The Silver King… that is the title that scientists gave to one of the most important kings of ancient Egypt, but many of us may not hear about him. He is the king Psisense I, the third kings of the twenty-first family, who ruled Egypt during a period of time 45 years between 1054 BC. He has ruled from the Tanis area (currently San Al-Hajar in Eastern Province) and has worked to bravely protect eastern Egypt’s borders.
Although his rule was in Tanis, he did not forget the first capital of Egypt (Thebes), he created a temple for the Trinity of Thebes (Amon, death, and Khunsu), and he would not have done otherwise. He is the son of the chief priest of the city of Thebes (Benjum), who had left the city of Thebes and headed towards the city of Tanis to succeed the king (Samandes) on the throne. He also set up another temple of Lamon with 4500 meters decorated with great patterns and paintings. He also set up his cemetery, which was found through the French Egyptian world (Yier Monte) in 1940 during World War II, which made it to not receive the coverage and global media attention that matches it. It is found in all its treasures intact and not destroyed—even its treasures match the treasures of young King Tutankhamun.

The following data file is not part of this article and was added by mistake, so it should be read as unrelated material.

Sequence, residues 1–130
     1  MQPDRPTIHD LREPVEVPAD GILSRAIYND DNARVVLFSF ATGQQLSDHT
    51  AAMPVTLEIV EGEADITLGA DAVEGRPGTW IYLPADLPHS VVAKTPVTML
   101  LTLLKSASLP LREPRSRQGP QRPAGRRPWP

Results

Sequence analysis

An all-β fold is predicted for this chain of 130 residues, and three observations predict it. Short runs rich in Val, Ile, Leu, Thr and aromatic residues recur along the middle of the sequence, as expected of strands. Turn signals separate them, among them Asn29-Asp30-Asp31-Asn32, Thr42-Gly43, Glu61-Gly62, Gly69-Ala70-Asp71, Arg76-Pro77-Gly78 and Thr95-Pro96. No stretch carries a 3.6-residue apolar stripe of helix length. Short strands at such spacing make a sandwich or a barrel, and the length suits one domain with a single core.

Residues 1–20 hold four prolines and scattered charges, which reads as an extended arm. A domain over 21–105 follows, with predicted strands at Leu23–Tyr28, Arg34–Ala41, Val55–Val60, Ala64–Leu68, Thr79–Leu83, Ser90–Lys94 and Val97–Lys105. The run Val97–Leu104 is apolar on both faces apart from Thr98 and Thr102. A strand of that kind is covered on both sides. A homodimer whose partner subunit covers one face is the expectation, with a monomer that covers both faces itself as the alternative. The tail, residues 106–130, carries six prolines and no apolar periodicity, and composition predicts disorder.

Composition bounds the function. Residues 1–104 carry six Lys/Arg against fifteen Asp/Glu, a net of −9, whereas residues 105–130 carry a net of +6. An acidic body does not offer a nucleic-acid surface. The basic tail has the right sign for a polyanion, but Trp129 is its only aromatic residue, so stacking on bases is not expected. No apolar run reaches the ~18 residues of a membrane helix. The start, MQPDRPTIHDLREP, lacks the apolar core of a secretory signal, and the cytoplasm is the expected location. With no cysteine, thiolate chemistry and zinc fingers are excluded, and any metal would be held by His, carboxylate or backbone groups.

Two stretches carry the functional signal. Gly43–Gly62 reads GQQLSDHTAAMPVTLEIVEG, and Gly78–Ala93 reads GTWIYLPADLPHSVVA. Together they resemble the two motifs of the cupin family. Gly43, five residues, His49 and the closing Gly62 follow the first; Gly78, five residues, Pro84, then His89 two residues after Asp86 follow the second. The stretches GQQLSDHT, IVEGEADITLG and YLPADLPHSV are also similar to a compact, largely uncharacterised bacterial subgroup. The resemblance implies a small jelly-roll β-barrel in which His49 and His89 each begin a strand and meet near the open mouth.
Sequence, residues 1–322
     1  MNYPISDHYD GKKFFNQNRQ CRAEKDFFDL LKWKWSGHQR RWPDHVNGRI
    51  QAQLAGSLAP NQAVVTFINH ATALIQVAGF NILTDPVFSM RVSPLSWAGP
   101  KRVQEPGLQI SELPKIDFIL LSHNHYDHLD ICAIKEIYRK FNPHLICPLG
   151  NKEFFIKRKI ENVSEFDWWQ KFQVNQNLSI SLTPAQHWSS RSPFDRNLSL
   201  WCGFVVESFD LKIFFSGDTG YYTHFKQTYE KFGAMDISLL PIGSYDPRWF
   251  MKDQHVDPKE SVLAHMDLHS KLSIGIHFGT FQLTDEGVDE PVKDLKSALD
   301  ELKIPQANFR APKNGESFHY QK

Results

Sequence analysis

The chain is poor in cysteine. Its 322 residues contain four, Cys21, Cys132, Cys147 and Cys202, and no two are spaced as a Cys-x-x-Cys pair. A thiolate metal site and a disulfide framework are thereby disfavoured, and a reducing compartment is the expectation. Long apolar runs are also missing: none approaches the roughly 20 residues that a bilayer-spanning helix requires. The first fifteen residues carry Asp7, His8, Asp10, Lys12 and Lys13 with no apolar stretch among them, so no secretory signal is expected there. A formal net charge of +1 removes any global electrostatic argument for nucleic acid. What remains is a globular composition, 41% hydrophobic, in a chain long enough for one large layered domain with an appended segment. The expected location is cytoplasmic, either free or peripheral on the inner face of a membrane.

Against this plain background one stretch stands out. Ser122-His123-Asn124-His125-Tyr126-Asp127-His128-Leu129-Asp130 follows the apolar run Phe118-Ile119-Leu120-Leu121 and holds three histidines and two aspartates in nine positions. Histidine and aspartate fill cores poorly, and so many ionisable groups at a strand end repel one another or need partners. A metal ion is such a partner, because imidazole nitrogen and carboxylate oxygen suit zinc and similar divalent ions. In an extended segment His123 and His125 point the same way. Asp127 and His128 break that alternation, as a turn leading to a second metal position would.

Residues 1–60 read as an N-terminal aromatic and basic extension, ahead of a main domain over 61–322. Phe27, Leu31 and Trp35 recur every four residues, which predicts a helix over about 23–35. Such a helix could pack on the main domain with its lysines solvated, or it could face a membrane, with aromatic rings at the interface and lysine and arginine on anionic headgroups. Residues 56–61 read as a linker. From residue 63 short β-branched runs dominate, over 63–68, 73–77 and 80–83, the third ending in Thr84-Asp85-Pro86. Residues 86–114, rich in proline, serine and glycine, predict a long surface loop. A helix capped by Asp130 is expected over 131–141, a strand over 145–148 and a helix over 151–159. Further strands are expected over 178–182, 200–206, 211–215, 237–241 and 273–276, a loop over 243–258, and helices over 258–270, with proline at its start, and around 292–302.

Among the most prominent treasures of the cemetery are his full silver coffin, his elegant gold mask, his precious silver and gold pots, and his sparkly jewelry that shows how rich and splurge this king lived. One of these treasures is this golden pot that you see in pictures—it is a beautiful golden vase, with patterned lines that show the good taste and skill of artists in that era. As for his mummy, it was found a bit damaged due to its exposure to groundwater, and by examination, it was recognized that the length of the king Psosense I was 166 cm and that he was strong, and his head was huge.
Although he was short, it appears that his right eye was higher than his left eye and that he died in his eighty years. His spine was found broken in the upper seventh paragraph, but he had been cured during his life, but when he died. He suffered from rheumatism in the tissue of the spine, and his mouth was humped due to losing many teeth. Now the treasures of his tomb are decorated by the halls of the Egyptian Museum in Cairo.
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